We need to surround ourselves with like-minded individuals who push us toward our desired actions that shape our desired outcomes. The question is, how? One way I’ve outlined in my article (4 ways to keep in touch with friends and family when you’re in lockdown – The (mostly) Simple Life) is to join a fitness class together.
6. Stack Your Habits
Whether you realize it or not, many of the things you do each day follow a trigger or cue. For example, if your phone buzzes (trigger), you pick it up and check the notification (habit).
This can be good and bad, depending on the context. For example, if a trigger leads to unhealthy behavior, that’s not good. Luckily, we can leverage our psychology to establish healthy habits for life.
Habit stacking is the act of bundling together different behaviors. For example, after a given action, you do something else.
“After getting back home, I will put on my workout clothes.”
In this example, going back home is the trigger, and putting your workout clothes on is the habit. You can also stack putting your workout clothes on with a warm-up routine for your workout. It would look like this:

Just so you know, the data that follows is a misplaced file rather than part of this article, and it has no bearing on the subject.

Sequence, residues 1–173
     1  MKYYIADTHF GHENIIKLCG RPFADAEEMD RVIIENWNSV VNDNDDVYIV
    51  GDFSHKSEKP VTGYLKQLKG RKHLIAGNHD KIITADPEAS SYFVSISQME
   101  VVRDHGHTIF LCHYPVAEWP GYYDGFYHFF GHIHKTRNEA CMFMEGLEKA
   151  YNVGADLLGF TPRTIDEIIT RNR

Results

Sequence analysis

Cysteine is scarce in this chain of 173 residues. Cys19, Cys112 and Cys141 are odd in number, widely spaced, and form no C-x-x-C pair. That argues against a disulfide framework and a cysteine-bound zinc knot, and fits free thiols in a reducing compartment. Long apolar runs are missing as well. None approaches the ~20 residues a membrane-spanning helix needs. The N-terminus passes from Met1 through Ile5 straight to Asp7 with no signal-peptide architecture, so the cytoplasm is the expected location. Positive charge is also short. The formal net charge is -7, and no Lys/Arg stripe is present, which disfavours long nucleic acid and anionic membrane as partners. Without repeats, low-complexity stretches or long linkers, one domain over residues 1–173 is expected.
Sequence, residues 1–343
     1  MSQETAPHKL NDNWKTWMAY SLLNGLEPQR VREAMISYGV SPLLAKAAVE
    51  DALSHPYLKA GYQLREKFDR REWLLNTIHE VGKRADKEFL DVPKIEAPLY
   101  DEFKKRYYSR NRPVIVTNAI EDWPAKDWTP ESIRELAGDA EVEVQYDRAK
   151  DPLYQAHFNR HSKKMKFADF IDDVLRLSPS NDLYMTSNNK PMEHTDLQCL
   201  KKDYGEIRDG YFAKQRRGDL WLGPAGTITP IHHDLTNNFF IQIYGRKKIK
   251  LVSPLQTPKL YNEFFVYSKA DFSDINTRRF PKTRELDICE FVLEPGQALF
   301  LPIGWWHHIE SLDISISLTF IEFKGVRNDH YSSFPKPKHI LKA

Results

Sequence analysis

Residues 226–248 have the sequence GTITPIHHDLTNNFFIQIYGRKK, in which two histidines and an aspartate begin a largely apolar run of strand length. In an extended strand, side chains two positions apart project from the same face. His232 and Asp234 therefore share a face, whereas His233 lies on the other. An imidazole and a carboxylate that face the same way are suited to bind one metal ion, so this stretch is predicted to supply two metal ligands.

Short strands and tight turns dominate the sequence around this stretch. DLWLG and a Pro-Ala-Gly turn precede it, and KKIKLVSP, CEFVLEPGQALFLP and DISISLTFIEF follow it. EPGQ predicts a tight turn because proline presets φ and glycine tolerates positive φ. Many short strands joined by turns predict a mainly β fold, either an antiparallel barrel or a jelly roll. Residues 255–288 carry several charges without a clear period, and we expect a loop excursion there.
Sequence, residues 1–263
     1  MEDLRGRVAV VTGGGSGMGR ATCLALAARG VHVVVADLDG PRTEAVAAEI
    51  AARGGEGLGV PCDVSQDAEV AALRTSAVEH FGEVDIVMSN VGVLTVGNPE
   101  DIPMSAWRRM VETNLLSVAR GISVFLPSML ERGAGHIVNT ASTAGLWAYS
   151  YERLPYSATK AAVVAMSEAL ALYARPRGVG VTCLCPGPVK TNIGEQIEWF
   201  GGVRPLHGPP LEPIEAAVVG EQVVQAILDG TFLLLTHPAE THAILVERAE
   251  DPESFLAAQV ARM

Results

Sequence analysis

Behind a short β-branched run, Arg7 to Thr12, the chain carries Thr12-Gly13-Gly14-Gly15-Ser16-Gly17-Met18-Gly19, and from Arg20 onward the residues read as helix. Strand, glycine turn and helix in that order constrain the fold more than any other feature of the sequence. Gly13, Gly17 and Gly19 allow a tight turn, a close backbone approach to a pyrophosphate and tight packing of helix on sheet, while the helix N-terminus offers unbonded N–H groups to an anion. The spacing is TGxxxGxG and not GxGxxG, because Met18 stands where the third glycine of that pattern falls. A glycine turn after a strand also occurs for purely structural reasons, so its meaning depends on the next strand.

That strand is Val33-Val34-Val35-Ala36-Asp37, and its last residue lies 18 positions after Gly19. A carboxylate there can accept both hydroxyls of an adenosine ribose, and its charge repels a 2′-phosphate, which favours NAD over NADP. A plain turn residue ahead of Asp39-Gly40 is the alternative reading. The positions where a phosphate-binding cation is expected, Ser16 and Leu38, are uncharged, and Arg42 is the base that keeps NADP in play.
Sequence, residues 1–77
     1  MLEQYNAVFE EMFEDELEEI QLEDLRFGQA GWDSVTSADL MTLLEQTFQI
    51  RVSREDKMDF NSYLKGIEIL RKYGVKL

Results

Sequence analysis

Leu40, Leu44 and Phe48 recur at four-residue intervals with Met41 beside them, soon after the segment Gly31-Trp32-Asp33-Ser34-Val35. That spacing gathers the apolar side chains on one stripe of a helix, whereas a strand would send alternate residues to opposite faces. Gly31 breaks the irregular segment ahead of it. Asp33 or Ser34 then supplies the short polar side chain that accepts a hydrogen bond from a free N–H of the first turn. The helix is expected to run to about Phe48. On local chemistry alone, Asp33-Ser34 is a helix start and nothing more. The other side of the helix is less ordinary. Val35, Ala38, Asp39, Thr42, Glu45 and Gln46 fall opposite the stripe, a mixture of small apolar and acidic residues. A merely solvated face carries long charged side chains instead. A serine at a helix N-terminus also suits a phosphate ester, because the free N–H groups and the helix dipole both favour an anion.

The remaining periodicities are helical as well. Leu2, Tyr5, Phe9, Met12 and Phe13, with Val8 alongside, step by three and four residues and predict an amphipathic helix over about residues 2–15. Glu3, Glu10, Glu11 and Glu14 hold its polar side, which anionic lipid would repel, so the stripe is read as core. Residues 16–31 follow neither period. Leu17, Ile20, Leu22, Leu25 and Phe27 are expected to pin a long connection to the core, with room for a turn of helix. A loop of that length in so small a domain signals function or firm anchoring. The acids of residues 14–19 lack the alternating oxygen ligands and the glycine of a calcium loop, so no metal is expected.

Get back home -> Put workout clothes on -> Start warming up -> Exercise for half an hour
In this case, you would be using things you’re already doing as a trigger for other positive behaviors.
If you’re already good at doing something, use it as a trigger to follow up with another positive behavior in a similar category. For example, if you tend to make your bed as you wake up each morning, use it as a trigger to follow up with five minutes of meditation.
So… there you have it. I hope these strategies work for you. I know it’s a lot to digest, but get started in a small way. Pick one or two strategies that can help build great new healhy habits.
Here are the 6 strategies in summary to help build new healthy habits for life:
1. Design Your Home to Make Your New Healthy Habits Very Visible
2. Design Your Home to Avoid Poor Choices
3. Pick New Habits You Actually Enjoy
4. Track How Well You Are Doing!
5. Share the Healthy Habit with a Friend
6. Stack Your Habits